INDONESIA: The Endless Effort of Women Survivors

Jakarta Globe
Tuesday, May 22, 2012 - 20:00
South Eastern Asia
PeaceWomen Consolidated Themes: 
Sexual and Gender-Based Violence
Reconstruction and Peacebuilding
Initiative Type: 
Training & Workshops

Do you know that there are many women survivors working hard to fight for justice and to find closure of their cases? Do you know that they work tirelessly in every level: From the grassroots, to the community and even national level?

The PeaceWomen Across the Globe Indonesia (PWAGI) organized a Women Survivor Learning Forum in Jakarta on May 7-8, 2012. The forum consisted and story-sharing sessions and lively discussions about issues closed to women from both Indonesia and overseas

The PWAGI is a volunteer organization which promotes peace -- with peace being defined in a broader term than just a war-less situation. Rather, peace is a realistic concept where women rights and justice are upheld by society. In 2005, 1000 PeaceWomen were collectively nominated for Nobel Peace Prize on behalf of hundreds of thousands other women survivors across the globe.

The PWAGI's Jakarta representative works closely with National Commission for Missing Persons and Victims of Violence (Kontras) to create capacity building platforms. The PeaceWomen meeting in Jakarta were attended by a range of women survivors, leaders and activists. Among the keynote speakers is the "Indonesian Avatar" Aleta Baun who struggled for over than twelve years against mining companies who intended to make damages in her homeland of Molo tribe in East Nusa Tenggara.

In her speech, Mama Aleta, as she was affectionally called, said women across the eastern part of Indonesia share same problems where violence toward them are at a high rate. She also mentioned the need for strong local and indigenous leaders who will support women's rights and bring the change they need.

Another keynote speaker is Maria Jose Lopez Souza, a sociologist from Brazil. Souza, who faced domestic violence in her own family, claimed that one woman is being beaten every 15 seconds in Brazil. She also said that one in four women in Brazil is a victim of sexual abuses since young age. There have been a great deal of cases solved in Brazil but many others have not been because victims have been silenced by their own family -- most perpetrators being husbands and fathers.

In Brazil, there is a special law that protects women from domestic violence: Maria da Penha Law. The name of the law is a tribute to the aforementioned woman activist whose ex-husband attempted to murder her twice, causing her to become paraplegic. The Brazilian government then provided about 400 police station for the defence of women.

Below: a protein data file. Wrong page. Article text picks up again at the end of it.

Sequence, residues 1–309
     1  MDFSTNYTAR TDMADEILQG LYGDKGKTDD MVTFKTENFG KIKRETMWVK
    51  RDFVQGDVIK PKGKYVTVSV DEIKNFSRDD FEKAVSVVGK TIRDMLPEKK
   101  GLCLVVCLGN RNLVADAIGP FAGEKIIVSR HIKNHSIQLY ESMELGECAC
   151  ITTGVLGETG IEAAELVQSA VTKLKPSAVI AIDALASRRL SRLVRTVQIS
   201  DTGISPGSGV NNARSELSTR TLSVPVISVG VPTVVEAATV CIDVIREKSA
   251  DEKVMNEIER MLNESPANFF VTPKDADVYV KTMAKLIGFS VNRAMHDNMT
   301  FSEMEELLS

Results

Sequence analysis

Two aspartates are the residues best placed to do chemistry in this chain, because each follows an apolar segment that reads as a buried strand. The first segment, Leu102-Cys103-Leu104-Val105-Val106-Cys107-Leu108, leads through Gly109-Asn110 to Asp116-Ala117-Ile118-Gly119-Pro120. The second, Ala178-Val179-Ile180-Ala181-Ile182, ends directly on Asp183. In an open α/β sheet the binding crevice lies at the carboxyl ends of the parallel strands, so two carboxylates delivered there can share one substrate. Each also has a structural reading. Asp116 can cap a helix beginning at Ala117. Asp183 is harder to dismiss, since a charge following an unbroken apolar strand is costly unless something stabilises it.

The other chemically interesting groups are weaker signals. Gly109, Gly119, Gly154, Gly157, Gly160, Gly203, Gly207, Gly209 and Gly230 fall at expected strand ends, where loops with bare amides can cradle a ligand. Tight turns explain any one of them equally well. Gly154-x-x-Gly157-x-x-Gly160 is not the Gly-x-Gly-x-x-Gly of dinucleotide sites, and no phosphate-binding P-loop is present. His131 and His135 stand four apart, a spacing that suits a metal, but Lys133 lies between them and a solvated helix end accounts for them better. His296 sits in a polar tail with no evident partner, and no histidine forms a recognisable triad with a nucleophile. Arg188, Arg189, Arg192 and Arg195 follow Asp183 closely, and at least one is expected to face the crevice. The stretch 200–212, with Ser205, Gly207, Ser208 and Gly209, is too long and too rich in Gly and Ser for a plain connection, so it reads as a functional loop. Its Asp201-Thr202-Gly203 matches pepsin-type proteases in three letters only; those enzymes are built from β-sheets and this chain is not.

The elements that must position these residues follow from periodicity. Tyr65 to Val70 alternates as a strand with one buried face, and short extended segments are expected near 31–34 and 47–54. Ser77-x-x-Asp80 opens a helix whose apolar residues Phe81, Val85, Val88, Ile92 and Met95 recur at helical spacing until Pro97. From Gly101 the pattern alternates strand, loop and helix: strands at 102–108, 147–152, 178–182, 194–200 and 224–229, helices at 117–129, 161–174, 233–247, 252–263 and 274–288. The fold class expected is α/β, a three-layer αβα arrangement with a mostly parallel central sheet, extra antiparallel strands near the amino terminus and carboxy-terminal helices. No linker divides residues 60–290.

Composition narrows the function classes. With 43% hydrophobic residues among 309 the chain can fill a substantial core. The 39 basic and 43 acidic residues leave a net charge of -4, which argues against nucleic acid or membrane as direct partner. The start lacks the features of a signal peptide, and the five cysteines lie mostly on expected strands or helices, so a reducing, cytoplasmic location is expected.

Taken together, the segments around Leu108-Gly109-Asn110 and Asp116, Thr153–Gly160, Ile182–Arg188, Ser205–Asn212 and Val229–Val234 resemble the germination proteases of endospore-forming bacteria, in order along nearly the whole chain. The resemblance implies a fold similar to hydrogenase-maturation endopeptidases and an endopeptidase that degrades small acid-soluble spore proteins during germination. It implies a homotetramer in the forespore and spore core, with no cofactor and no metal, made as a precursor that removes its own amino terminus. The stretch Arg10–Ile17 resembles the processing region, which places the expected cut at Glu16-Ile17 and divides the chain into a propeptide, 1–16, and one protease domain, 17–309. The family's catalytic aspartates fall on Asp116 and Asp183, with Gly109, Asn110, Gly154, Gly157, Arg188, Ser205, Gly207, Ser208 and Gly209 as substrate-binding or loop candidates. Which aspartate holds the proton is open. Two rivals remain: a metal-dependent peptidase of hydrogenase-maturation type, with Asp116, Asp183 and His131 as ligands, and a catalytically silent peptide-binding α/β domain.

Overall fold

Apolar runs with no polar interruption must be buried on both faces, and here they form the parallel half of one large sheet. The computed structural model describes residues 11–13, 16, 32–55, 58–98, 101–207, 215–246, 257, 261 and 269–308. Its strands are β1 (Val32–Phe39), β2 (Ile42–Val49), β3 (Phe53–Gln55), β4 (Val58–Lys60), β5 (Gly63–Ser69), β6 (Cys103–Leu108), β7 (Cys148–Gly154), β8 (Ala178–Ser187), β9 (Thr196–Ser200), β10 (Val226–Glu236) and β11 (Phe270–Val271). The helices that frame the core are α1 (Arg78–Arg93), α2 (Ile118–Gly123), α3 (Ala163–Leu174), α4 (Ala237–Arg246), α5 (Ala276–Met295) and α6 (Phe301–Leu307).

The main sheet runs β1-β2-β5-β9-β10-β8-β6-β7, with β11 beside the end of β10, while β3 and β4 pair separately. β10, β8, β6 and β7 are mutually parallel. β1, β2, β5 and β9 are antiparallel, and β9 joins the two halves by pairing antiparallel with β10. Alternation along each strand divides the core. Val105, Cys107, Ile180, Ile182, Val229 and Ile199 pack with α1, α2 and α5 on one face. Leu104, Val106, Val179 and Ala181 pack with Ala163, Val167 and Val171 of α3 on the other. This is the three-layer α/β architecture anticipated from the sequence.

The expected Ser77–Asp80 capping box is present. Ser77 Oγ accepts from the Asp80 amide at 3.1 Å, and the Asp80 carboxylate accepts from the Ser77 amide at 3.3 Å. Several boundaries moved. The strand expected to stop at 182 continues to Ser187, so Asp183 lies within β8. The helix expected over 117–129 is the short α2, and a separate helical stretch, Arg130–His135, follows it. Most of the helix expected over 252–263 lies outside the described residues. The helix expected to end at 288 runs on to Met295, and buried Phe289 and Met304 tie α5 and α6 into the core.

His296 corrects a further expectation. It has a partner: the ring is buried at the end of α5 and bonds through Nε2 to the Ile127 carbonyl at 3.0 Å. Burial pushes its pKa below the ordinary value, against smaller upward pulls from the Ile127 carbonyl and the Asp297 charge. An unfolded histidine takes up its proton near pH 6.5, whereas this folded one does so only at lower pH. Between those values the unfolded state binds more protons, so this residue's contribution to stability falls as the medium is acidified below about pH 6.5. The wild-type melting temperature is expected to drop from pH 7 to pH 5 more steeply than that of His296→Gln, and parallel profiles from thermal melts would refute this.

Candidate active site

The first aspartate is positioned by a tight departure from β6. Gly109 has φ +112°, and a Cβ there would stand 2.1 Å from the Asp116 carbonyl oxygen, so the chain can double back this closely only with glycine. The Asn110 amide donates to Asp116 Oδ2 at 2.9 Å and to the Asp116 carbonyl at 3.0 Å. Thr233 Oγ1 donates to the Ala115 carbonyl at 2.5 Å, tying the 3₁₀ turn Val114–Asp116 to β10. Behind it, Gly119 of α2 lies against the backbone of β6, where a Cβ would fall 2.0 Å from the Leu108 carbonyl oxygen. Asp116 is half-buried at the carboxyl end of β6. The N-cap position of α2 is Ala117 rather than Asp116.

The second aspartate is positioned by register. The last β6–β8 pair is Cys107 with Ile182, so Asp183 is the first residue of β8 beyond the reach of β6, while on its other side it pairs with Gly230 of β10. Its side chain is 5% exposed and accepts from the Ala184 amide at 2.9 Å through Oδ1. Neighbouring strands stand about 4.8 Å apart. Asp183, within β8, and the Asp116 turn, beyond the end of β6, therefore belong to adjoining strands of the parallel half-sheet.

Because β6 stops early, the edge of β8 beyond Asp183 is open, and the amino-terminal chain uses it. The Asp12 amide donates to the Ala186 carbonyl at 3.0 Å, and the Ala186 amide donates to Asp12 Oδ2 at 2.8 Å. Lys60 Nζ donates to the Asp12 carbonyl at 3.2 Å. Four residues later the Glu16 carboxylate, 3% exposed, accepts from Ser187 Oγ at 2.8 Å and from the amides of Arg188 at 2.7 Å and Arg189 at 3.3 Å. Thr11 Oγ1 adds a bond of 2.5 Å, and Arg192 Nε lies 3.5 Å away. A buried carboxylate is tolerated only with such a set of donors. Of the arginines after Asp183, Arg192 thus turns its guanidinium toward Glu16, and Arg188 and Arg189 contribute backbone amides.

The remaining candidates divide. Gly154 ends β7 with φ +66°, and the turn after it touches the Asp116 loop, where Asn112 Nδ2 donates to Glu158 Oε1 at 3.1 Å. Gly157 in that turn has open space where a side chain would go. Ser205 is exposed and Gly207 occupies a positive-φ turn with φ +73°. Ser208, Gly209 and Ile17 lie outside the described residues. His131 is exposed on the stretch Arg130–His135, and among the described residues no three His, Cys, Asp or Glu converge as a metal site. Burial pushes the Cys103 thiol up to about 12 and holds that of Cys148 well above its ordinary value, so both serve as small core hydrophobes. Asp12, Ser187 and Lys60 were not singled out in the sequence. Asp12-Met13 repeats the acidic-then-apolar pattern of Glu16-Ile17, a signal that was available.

Meanwhile, activist and PeaceWomen member from Aceh, Samsidar, mentioned the report from National Commission on Violence Against Women (Komnas Perempuan) in Indonesia which recorded 119,107 cases of violence against women in 2011 -- with 113,878 of them were of domestic violence.

Indonesia's Domestic Violence Law (Law No. 23/2004) which was fought for by women leaders, activists, and NGOs, for more than six years to be passed still leaves a gaping hole for the protection of women in the country. The law puts women in vulnerable positions and is not supported by decent infrastructure on ground level, considering wide geographic challenge in Indonesia. While women can report domestic violence to the police, the police who handle the cases have not been trained with a gender-sensitive approach -- which creates another traumatic process for women survivors.

Another woman survivor, Sumarsih, also shared her troubles. A mother of a student who had been shot in Semanggi 1998, Sumarsih voiced out her tireless effort to bring justice to light. She argued that the government promised many things to help solve the problem but have not fulfilled anything. For instance, the promised ad-hoc court on past human rights violences in Indonesia still has not been applied.

The fact that much efforts have been done by activists, organizations and communities but have not been communicated properly among them gives the Women Survivor Forum a chance for these participants to build solidarity, to embrace each other's tales, to give moral support and to plan for future collaboration works.

The PWAGI only wishes that the forum will independently continue and sustain in difficult times and tough transition process, especially in the settlement of many human rights cases in Indonesia.

As Maria Jose Lopez Souza said, we believe that in empowering the women survivors and decreasing the violence, men and women need to work together in partnership to design a culture of peace.